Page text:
A woman works at her outdoor barbecue stall in Baise, south China’s Guangxi Zhuang Autonomous Region (VIDEO SCREENSHOT)
One of China's greatest assets is no doubt its eclectic cuisine. One of the most popular foods to be found is no doubt the street snacks that make up a large part of everyday life.
A new documentary series, called Chinese Barbecue, tells the story of this popular food option that sizzles over hot coals on just about every street corner in cities and towns across the country. Barbecued meat kebabs glistening over hot coal braziers, while not as elegant as some of the fine dining options in China, are an integral part of people's night life. The aroma and atmosphere surrounding these grilled street eats are "something that could entice a girl to fly downstairs at night wearing her pajamas," the documentary claims.
Released on June 20, the documentary has had more than 25 million clicks on video site Bilibili.com, and has received a rating of 8.9 out of 10 on Douban.com, one of China's most popular film reviewing platforms. Its popularity is reminiscent of another well-known food related documentary called A Bite of China, launched by China Central Television in 2012, which won both domestic and international acclaim.
To find the most popular barbecue stalls the production team trekked to more than 500 locations in 30 cities across the country.
Some viewers compare Chinese Barbecue to Midnight Diner, a Japanese TV series documenting stories from late night izakaya (informal Japanese bars) open from midnight to dawn, mirroring the vicissitudes of Japanese people.
"I'm happy to hear that [comparison] because Midnight Diner is a masterpiece, and we share the same topic, night food," Chinese Barbecue's director Chen Yingjie told Beijing Review. However, Chen said in terms of the tone, "we are quite different." He said that Midnight Diner focused more on food itself, though there was some conversation while people were eating. But this was more in the way of politeness, reflecting the personality of Japanese who obtain inner peace from being quiet. In contrast, the night food scene of Chinese people signifies jollification and a more lively spirit. People eating these barbecue snacks develop a feeling of affiliation, which can be an antidote to loneliness.
An electric fan is used to make the fire stronger by a barbecue stall owner in Changsha, central China’s Hunan Province (VIDEO SCREENSHOT)
On the other side of the world, in the United States, BBQ TV programs demonstrate the even more enthusiastic personality of Americans, who grill large steaks and ribs on their outdoor stoves at home and enjoy competing to see who has the better cooking skills.
"These programs serve as a window, through which we can view how people from other cultures treat food, and more broadly, their life," said Chen.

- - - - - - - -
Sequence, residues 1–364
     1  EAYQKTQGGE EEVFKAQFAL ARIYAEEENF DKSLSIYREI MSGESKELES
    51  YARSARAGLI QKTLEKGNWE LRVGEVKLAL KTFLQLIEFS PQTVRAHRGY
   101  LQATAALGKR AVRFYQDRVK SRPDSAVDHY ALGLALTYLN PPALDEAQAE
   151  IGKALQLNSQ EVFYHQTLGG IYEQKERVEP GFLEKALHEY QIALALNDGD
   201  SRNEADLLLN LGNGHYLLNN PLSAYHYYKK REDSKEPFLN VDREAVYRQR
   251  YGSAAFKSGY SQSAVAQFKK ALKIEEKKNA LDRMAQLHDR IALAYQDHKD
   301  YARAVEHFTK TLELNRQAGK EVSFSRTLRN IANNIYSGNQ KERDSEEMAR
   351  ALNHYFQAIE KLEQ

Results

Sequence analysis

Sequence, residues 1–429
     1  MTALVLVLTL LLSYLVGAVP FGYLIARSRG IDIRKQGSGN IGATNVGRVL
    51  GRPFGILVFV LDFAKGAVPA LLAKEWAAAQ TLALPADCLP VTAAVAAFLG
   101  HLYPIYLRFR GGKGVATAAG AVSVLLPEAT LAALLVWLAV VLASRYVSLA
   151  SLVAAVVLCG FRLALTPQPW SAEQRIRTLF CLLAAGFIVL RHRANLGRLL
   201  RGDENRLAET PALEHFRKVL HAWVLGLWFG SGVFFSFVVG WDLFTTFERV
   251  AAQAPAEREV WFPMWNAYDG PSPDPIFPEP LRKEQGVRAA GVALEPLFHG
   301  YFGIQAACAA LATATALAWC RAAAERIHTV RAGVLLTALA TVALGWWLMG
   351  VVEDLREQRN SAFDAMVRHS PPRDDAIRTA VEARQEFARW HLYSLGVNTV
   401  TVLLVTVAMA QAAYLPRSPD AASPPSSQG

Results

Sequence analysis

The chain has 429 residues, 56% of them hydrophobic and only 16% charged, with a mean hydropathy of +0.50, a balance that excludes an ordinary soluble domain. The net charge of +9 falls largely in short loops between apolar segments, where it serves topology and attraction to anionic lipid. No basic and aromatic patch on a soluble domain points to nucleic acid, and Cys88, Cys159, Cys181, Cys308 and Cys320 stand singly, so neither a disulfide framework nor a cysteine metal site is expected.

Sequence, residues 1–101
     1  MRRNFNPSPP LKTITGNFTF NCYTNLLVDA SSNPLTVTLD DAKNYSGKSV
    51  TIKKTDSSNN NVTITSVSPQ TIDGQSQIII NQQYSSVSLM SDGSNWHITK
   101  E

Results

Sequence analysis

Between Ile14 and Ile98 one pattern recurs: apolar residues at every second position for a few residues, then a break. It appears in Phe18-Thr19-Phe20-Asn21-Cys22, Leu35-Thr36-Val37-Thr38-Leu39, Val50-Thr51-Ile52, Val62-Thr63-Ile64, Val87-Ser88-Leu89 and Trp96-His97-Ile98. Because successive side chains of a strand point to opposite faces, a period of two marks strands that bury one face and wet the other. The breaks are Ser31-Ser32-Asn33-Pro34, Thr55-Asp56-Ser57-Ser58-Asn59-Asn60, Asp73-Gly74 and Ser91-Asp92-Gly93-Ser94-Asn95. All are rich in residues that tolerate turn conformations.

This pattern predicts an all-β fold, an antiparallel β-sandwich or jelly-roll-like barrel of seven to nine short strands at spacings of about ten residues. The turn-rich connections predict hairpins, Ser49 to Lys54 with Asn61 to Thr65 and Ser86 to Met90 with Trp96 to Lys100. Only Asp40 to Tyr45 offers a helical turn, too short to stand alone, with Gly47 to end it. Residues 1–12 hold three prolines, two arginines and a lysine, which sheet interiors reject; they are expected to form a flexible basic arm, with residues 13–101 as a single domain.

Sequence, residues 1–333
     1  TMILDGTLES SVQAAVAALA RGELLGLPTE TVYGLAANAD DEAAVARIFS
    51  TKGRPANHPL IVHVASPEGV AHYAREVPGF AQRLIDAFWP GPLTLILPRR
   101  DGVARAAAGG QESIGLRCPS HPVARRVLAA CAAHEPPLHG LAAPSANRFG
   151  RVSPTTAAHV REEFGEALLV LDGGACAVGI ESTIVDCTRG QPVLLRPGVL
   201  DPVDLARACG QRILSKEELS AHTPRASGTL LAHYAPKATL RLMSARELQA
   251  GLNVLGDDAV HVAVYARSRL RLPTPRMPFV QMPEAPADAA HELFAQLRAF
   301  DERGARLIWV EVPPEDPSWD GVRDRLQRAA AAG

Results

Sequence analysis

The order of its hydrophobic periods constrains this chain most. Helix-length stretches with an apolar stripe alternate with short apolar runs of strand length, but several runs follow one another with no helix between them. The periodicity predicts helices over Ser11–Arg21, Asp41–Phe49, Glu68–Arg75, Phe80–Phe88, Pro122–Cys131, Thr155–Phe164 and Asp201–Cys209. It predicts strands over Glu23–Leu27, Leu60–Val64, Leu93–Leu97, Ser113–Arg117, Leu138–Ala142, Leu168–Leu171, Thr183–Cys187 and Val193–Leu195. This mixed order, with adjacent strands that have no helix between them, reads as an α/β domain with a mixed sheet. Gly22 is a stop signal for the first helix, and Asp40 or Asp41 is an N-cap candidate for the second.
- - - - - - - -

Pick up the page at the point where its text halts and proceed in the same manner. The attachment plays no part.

Barbecue, regarded as the most ordinary and common night street snack, is different from homemade food by mothers as that is a symbol of family and kinship. Barbecue is where you go to become connected to people in society. And unlike official business lunches, during which people are rather reserved and polite, barbecue lets people cut loose and relax with old friends and newly made friends, leaving a lasting impression of camaraderie. That's why it can strike a chord with overseas Chinese. "If A Bite of China ignites my nostalgia, Chinese Barbecue forces me to book a ticket back [home]," commented a viewer.
"Compared with A Bite of China, which showcases exquisite cooking processes and demonstrated delicate gourmet cuisine on air, Chinese Barbecue is more down-to-earth in depicting 'the people'," said Chen.
To Chen, people are the most crucial part of a culture. He explained that even if a tourist can be amazed by scenic or historical sites in other countries, what impresses him most when he travels is his encounter with local people and how they live their lives.
In recent years, more and more programs featuring distinct Chinese characteristics are stepping forward on the international stage, such as Masters of the Forbidden City, a documentary illustrating how ancient relics are restored, and the National Treasure, a series narrating the previous and present life of Chinese cultural heritage.
"The world, as a whole, holds deep-rooted good feelings toward barbecue, either for the taste or the warmth generated by fire," said Chen. "What we should do is to present Chinese barbecue just the way it is because with its unique ingredients, way of cooking, and more importantly, the unique environment and people, the world will recognize it and might fall in love with it just as we do."
Copyedited by Francisco Little
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